CORN: We started the seeds indoors about 2 weeks before we planned to plant them. We used jiffy pellets then placed them inside jiffy pots so that there would be no problem with transplanting (corn doesn't like transplanting). The corn is planted first, giving it time to grow. Space it out well so that they don't crowd each other. Be sure to pick a corn that has hearty stems that will be needed to support the beans. Plant only one corn to avoid cross-pollination (unless that's what you're going for).

MAMMOTH SUNFLOWERS: We sowed these seeds directly into the ground, about a week after the corn. Be sure to get them at the North side of the corn patch because they will get taller than the corn (depending on the variety you choose). Give them a little more room than the corn.

SQUASH: The winter squash comes next. Don't plant summer squash as they don't vine out. These benefit from starting indoors. Choose something leafy and vining, and something that you like to eat. Pumpkins, Mexican X-Top (cushaw), butternut, spaghetti - they all seem to do well. EXCEPT: choose only one to avoid cross pollination (we planted a lot of different kinds last year and goodness... what a mess). Sow one seed per 4 corn seeds. Be careful not to step on the squash vines because they will get on your paths. The light spiney-ness will help keep critters like raccoons off of your corn. They will NOT keep the birds out!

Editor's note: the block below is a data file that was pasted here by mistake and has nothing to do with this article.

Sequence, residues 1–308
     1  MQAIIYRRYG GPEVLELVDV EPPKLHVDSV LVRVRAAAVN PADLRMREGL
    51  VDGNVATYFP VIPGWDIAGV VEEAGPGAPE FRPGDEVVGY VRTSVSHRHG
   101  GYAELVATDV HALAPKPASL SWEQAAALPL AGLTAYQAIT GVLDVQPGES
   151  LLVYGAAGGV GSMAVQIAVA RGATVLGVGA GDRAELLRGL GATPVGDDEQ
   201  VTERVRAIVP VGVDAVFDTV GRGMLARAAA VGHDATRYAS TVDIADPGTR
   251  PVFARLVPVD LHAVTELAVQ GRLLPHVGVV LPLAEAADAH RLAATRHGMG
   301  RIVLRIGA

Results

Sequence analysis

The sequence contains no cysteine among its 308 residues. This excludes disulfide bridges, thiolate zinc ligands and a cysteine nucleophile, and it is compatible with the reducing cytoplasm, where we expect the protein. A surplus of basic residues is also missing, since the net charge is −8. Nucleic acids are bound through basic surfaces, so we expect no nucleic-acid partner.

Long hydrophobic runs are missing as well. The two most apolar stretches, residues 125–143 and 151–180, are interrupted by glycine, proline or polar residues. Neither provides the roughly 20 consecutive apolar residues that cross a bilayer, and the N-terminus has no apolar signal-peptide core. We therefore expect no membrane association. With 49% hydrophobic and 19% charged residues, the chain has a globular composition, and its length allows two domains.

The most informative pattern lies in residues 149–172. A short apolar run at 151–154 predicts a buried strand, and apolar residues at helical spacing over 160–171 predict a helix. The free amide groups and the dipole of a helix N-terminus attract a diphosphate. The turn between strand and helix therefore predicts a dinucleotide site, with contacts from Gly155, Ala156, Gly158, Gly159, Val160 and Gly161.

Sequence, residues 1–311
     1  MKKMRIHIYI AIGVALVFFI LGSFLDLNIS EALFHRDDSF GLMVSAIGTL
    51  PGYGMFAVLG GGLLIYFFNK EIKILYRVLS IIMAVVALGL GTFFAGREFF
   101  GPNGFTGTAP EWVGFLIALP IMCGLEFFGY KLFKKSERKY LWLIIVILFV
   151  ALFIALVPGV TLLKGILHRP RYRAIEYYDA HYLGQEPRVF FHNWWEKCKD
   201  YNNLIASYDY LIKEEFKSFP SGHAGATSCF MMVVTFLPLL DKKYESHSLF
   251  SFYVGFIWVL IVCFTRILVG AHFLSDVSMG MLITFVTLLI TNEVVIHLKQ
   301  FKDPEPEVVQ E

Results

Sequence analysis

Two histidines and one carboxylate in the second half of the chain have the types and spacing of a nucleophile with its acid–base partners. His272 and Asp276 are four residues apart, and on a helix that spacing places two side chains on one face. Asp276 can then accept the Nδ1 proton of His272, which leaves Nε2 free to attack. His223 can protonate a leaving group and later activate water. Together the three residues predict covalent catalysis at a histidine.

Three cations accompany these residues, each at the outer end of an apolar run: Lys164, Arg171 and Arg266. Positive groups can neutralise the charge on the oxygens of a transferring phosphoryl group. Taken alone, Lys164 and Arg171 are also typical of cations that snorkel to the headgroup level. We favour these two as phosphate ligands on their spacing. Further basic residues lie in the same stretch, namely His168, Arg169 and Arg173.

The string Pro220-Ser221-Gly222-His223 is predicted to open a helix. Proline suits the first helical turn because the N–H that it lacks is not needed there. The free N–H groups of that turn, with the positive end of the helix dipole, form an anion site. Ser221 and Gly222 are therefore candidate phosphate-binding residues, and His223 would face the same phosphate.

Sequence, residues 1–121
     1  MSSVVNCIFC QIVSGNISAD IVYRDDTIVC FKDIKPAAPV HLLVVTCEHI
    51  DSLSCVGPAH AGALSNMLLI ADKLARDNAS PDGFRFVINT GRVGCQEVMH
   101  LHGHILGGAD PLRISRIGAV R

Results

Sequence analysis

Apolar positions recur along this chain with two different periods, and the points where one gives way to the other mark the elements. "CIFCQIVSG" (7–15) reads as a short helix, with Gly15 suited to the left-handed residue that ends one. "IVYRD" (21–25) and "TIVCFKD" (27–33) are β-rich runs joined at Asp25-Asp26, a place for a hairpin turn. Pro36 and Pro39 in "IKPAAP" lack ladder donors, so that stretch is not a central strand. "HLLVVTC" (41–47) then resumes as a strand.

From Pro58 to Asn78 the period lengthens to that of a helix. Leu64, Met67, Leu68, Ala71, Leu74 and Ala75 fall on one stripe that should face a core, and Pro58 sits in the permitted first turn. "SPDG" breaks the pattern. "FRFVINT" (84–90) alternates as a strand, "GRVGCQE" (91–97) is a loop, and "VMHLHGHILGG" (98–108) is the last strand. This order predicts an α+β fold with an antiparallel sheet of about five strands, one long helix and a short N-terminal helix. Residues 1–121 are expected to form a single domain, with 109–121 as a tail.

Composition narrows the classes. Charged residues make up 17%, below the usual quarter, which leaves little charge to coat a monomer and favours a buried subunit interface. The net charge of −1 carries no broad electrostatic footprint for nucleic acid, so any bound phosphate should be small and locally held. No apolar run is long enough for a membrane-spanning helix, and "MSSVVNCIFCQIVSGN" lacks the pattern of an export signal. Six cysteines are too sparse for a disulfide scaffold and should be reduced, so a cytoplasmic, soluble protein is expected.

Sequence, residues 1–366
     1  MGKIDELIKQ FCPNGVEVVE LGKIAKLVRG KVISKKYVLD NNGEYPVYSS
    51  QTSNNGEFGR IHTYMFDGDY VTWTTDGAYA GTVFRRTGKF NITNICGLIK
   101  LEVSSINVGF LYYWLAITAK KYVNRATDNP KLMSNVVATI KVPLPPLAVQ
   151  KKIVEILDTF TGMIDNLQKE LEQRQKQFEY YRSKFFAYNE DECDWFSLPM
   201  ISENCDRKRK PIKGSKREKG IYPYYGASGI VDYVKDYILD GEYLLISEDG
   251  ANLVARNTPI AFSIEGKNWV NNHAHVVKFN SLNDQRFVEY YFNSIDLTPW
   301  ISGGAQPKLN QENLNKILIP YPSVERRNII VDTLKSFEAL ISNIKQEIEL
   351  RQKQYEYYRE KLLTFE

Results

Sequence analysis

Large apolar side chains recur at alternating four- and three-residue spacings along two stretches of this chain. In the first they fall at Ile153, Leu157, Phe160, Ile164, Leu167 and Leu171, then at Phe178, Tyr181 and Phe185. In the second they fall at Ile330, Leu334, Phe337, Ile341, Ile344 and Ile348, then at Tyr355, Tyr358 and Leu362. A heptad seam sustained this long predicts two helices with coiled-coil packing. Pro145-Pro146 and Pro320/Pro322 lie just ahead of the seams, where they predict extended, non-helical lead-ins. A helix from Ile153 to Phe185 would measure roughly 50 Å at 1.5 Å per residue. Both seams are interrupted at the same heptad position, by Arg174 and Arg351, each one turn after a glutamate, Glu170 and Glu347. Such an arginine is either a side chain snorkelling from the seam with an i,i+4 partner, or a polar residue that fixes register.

BEANS: Then comes the beans. Choose a good climbing bean that you like to eat, and hopefully one you can harvest, dry and put up for the Winter. Sow directly into the ground, as these seeds sprout pretty quickly. These beans will wind up the cornstalk. Sometimes they are a little hard to see when harvesting but you just have to be patient and diligent.

This picture (from our Three Sisters garden in 2008) is the corn bed I started inside in flats on Memorial Day - "Early and Often" sweet corn, with string beans and various gourds and squashes.

We planted them outside in these two raised beds (2'x4') on June 08 2008 - plus extra seeds. Covered them with yellow tulle fabric we had bought at a yard sale last year - a whole bolt for $5. The fabric was to make sure no birds stole our seeds. It was very successful.

The next pic is the corn bed about one week later (Jun 17 2008) - unbelievable! Look at the growth!

We added several more Three Sisters raised beds within the next couple of weeks.

Please note that we did sooo many things wrong in 2008. We planted them too close together. We planted them all at the same time. The corn ended up a little stunted because the beans started creeping up before it got established. And we planted too many kinds of squashes. The summer (zucchini and crookneck) rose straight up and pushed away the nearby cornstalks. We got mutants from crossbreeding. It was a mess. But... the corn was sweet and tasty, eaten right there and then, raw. The beans grew fat and strong.

But ... we also didn't protect from weeds enough. While we did get a great harvest from everything, we would have had much more had the bindweed not strangled everything.

We can't raise corn this year (2009) because it can't be moved to our next house, the when we can, we'll make sure to lay down lots of newspaper instead of just one layer. And we'll keep up with the weeding more. Plus we'll space the boxes apart a bit more so that it's not quite a chore to bend over and weed - it's not fun bending over and getting poked in the hind-end with a corn stalk!